Rudolph Salvermoser Post-WWII Interrogatories

Rudolph Salvermoser, A Grossdeutschland Veteran


Regional Loyalty Board; FOURTH UNITED STATES CIVIL SERVICE REGIONAL OFFICE, Washington, DC (Executive Order 10241, The White House, 28 April 1951, signed Harry S. Truman) – Questions of the board to Rudolph Salvermoser and his answers

Paragraph V.

Information has been received to the effect that from September 1, 1942, to May 1945, you were a member of the National Socialist German Workers Party (Nationalsozialistische Deutsche Arbeiterpartei or Nazi Party) and that your party number was 9 106 256.

Please furnish full and complete information concerning the nature and extent of your affiliation with, and activities in, the Nazi Party as well as the extent of your adherence to the Nazi ideology and your reasons, therefore.

Also, explain the nature and extent of your affiliation with the Hitler Youth and the circumstances surrounding your entrance into and service with the German Army, both of which you disclosed on your application for Federal Employment executed on April 24, and July l5, l952.

[My Reply]:

1. In 1932, then 8 years old, I became a member of the “Scharnhorst” organization, which was the youth movement of the “Stalhelm”. (The “Stahlhelm” was to my knowledge an Anti-Hitler organization). The “Scharnhorst” was dissolved in the early part of 1933. I then was a member of a non-political “Turnverein” (a local sports club), and in September 1933, we (the former members of the “Scharnhorst” and the “Turnverein”) were transferred to the “Jungvolk”. In 1937, I was transferred to the “Hitlerjugend” in which I remained a member until 1942.

2. Since I was considered a German citizen by German authorities, I would have been drafted into the German Army. I volunteered for the service in the Wehrmacht approximately in October 1941 for the following reasons:

a. Almost everybody in my Highschool-class volunteered around the same time for the German Army, and I did not want to be one of the few ones who did not do so.

b. At that time, Germany was not at war with the United States. I believed Germany was fighting for a good cause, namely against aggressive communistic Russia. We were made to believe that the war against the Western Powers was also forced upon us by these powers.

3. Just before I was called into the “Wehrmacht”, I had an interview with the “Ortsgruppenleiter der NASDAP” of our hometown in Germany. He wanted from me the necessary data for transferring me from the Hitler Youth to the NSDAP. As far as I know, every member of the Hitler Youth was transferred to the NSDAP at the age of 18. However, it took three to six months from the time of application, until one could become a “member” of the Party. One was first considered an “Anwärter” (which is not a member). It was my understanding that as soon as one was drafted into the German Army, one could not become a member of the Party. I was certain that I was not considered a “member” for the above reason. I never had to pay any membership fees; and I never participated in any Party activity.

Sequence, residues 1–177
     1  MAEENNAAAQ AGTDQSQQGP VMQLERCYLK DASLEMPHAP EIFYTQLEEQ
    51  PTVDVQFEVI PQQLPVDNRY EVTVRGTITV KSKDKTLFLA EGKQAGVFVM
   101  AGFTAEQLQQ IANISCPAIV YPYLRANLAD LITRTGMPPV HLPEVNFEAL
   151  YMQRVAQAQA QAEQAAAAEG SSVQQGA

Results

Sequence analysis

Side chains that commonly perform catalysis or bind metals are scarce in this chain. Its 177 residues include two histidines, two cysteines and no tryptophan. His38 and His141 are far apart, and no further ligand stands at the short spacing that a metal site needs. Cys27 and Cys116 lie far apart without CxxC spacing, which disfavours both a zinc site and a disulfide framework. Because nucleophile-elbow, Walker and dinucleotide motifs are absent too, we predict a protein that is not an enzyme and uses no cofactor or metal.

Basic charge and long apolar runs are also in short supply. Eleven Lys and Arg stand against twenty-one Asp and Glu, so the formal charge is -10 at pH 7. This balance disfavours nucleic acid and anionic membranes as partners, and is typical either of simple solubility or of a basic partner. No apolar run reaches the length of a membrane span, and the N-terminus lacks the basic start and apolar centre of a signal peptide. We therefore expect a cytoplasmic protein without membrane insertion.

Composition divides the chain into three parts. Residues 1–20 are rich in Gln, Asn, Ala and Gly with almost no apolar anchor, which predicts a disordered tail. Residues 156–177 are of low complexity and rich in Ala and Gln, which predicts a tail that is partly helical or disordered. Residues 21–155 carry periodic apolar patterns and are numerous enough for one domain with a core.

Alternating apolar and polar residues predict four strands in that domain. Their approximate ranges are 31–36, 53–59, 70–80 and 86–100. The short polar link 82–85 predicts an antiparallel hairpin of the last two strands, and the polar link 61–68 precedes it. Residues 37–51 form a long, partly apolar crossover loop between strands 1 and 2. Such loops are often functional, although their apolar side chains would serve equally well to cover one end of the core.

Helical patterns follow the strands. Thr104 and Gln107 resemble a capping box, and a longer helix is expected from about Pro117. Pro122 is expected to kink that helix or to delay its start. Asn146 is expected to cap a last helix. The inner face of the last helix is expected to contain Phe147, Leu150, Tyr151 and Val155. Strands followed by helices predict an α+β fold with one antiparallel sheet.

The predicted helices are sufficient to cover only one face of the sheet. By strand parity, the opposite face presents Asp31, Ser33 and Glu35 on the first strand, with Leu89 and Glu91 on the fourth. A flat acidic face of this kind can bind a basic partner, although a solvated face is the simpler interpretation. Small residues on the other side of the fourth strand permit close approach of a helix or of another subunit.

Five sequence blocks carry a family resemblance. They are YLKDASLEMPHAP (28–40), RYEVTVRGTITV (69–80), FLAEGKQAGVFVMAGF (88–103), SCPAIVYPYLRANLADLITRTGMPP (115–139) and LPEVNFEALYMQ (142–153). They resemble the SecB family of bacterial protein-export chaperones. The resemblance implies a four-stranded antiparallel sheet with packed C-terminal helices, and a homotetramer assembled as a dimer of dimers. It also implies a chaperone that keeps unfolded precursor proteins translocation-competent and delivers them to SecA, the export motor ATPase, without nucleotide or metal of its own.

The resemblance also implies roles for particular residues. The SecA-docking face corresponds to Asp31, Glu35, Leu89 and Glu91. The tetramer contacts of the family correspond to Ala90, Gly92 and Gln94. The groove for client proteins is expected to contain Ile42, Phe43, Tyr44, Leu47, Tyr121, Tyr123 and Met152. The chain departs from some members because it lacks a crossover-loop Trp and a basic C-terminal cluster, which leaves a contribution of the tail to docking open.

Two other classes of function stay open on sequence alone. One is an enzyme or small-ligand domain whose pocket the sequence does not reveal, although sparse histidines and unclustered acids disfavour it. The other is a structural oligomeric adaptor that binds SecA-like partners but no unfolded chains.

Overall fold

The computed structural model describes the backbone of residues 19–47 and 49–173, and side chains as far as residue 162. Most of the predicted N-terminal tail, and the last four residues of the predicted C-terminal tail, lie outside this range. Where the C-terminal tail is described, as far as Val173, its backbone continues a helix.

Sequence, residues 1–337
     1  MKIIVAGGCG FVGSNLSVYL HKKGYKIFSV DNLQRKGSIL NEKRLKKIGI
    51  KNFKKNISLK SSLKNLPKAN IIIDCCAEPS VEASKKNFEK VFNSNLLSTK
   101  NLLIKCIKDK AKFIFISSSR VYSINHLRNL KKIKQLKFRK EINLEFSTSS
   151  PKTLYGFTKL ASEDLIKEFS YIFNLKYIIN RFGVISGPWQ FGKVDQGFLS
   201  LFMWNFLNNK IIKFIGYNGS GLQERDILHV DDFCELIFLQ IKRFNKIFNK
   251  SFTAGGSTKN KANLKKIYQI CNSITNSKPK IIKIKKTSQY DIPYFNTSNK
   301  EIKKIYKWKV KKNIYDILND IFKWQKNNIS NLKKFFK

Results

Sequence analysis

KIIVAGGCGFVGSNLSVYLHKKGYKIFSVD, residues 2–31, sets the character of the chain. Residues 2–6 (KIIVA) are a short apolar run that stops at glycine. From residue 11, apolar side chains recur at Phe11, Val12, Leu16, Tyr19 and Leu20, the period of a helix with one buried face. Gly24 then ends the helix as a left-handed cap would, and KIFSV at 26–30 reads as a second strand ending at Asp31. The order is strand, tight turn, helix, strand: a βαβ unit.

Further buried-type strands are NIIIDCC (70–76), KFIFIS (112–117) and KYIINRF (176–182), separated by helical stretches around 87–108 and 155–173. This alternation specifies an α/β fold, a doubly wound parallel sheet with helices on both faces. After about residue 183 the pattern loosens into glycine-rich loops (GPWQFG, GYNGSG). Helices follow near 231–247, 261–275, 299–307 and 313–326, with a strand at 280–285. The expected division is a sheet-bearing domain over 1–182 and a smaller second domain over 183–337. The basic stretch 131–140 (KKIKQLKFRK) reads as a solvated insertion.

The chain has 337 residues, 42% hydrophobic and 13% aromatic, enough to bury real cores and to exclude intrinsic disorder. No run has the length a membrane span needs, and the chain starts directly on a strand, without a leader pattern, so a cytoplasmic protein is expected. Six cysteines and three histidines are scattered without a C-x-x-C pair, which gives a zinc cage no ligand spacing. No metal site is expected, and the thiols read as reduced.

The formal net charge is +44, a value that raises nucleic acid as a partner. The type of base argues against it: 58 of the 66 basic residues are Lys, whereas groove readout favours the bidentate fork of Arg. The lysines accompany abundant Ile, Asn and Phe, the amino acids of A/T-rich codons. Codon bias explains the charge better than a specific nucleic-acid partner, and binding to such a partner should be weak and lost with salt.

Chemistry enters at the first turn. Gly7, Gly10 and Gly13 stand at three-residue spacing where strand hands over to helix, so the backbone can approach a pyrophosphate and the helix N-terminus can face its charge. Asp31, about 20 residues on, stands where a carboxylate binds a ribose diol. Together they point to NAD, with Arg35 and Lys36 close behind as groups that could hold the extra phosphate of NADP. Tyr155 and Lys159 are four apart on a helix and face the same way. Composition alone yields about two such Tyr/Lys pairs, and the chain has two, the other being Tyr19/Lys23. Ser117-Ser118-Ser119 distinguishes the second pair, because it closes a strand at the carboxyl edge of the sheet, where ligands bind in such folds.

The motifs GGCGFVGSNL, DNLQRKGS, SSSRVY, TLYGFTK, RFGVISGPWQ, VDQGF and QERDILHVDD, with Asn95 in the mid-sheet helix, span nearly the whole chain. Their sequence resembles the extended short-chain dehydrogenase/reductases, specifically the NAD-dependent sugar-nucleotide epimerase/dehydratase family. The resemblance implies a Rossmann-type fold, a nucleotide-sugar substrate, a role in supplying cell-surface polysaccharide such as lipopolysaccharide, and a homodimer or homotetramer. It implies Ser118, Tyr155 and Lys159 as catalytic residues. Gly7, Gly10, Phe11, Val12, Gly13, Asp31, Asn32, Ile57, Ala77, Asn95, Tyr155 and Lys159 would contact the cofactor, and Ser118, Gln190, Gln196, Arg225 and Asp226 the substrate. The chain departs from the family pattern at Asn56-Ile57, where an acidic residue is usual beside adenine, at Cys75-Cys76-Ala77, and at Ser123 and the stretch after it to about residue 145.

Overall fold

Paragraph VI.

On your Applications for Federal Employment, referred to in the preceding question, you listed membership in the Hitler Youth in reply to Question No.28, “Are you now, or have you ever been, a member of a Fascist organization?” Since the investigation disclosed that you were also a member of the National Socialist German Workers Party, you are requested to furnish a full explanation of your failure to list membership in that organization in your reply to Question No. 28.

[My Reply]:

The reason why I did not mention in question no.28, that I was a member of the Nazi Party, is explained in paragraph V of this interrogatory. However, I always admitted that I had been an “Anwärter” of the Party whenever I was specifically asked. I had to fill out an interrogatory when I was discharged from the German Army by U. S. Military Authorities. On this form, I mentioned that I was a Party Anwärter.

Paragraph VIII.

Please note hereon any comments you desire to make regarding your loyalty to the United States which you believe should be considered in determining your suitability for Federal employment.

[My Reply]:

I believe the following points should be considered for determining my suitability for Federal employment:

1. I have served in the U.S. Army from l948 – l952. I volunteered twice for an assignment in Korea. but was never accepted for technical reasons.

2. I left this country when I was only 4 years old. If ever I believed anything of the Nazi Ideology, it was due to the circumstance, that at that time I did not know anything else but what I was told and made to believe. I was too young to understand the meaning of Nazi theories. Eight years have passed since the defeat of Nazi Germany, and in these eight years, which I believe were the most important ones of my political education, I have learned the political way of life from the democratic point of view.

3. At no time during my residence in Germany did any US Consul or other US Government Representative contact or advice either my grandparents or myself on the possible status of my US citizenship.